In 1569, due to a scarcity of food provisions in Cebu, López de Legazpi transferred to Panay town on the island of Panay, where they were peacefully welcomed by the people in the Kedatuan of Madja-as. Subsequently, they founded a second settlement, then named Capiz and now the city of Roxas in Capiz province, located on the bank of the Panay River. In 1570, López de Legazpi sent Juan de Salcedo, his grandson who had arrived from Mexico in 1567, to Mindoro (former location of the Huangdom of Ma-i) to punish the Muslim Moro pirates who had been plundering Panay villages. Salcedo also destroyed forts on the islands of Ilin and Lubang, respectively South and Northwest of Mindoro [4] : 79 [7]

Luzon and the capture of Manila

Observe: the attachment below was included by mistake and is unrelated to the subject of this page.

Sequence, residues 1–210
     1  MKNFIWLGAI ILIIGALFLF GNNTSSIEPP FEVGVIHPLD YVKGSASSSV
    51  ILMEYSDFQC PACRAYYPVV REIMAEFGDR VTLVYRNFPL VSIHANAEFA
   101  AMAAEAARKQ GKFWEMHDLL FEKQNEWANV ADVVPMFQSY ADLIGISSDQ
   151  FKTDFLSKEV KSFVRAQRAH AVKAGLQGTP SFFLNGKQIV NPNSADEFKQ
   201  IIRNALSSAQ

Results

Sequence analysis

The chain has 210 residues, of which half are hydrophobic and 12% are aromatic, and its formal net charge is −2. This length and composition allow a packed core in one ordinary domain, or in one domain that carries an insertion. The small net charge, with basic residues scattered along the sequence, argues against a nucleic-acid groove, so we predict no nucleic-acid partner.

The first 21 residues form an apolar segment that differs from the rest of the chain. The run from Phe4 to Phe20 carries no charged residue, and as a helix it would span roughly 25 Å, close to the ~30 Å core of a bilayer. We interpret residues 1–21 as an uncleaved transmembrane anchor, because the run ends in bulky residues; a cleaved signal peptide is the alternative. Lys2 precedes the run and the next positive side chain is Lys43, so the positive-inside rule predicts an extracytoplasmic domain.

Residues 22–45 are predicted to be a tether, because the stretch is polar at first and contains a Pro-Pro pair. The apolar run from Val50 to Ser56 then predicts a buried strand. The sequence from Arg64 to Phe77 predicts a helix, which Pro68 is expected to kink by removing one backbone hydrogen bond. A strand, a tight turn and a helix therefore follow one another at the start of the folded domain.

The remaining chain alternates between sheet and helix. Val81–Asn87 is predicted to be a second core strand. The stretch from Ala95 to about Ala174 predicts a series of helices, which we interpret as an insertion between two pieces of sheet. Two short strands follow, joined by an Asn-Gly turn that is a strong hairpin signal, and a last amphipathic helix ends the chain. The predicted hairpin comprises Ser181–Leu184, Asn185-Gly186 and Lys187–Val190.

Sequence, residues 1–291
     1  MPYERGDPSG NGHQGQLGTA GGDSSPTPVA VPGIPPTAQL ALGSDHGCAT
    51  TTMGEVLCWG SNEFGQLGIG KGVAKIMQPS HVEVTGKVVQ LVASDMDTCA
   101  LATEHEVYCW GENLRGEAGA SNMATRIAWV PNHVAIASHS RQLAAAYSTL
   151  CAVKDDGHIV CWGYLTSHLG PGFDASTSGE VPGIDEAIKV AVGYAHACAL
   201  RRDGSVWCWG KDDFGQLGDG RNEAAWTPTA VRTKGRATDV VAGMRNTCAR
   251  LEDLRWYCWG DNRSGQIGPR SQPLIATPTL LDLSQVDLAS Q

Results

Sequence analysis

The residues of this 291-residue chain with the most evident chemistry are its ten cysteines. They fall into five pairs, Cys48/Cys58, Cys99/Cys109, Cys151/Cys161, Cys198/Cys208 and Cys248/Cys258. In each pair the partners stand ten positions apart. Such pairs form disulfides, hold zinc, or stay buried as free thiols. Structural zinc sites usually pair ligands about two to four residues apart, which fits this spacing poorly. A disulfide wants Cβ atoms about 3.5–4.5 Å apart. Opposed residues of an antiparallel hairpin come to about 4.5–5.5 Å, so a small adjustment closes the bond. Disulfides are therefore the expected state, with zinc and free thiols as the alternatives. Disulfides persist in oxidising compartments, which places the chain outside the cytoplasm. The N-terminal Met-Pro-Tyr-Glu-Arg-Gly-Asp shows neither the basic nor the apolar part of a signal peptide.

In 1570, having heard of the rich resources in Luzon, López de Legazpi dispatched Martín de Goiti to explore the northern region. Landing in Batangas with a force of 120 Spaniards, de Goiti explored the Pansipit River, which drains Taal Lake. [4] : 79 On May 8, they arrived in Manila Bay. There, they were welcomed by the natives. Goiti's soldiers camped there for a few weeks while forming an alliance with the Muslim leader, Rajah Ache, who was a vassal under the Sultan of Brunei. López de Legazpi wanted to use Manila's harbor as a base for trade with China. However, the Rajah's ally in northern shores of Manila Bay, historically known as the young Bambalito of Macabebe, asked Rajah Soliman (Old Ache) to revoke his alliance with the Spaniards. Rajah Matanda refused because of the "word of honor" of the Spaniards. Rajah Soliman had his conditions for Bambalito that if they were able to kill as least 50 Spaniards, he would revoke his alliance with López de Legazpi, and the Old Ache would help to expel the conquerors. Bambalito rode back to Macabebe and formed a fleet of two thousand five hundred moros consisting of soldiers from the villages along Manila Bay particularly from Macabebe and Hagonoy. [8] On May 30, 1570, Bambalito sailed to Tondo with Caracoas and encountered the Spaniards at Bangkusay Channel, headed by Martin de Goiti on June 3, 1571. Bambalito and his fleet had lost the battle, and after disputes and hostility had erupted between the two groups, the Spaniards occupied the Islamized states of Tondo and Maynila. Manila was prepared by Goiti for López de Legazpi who left Panay.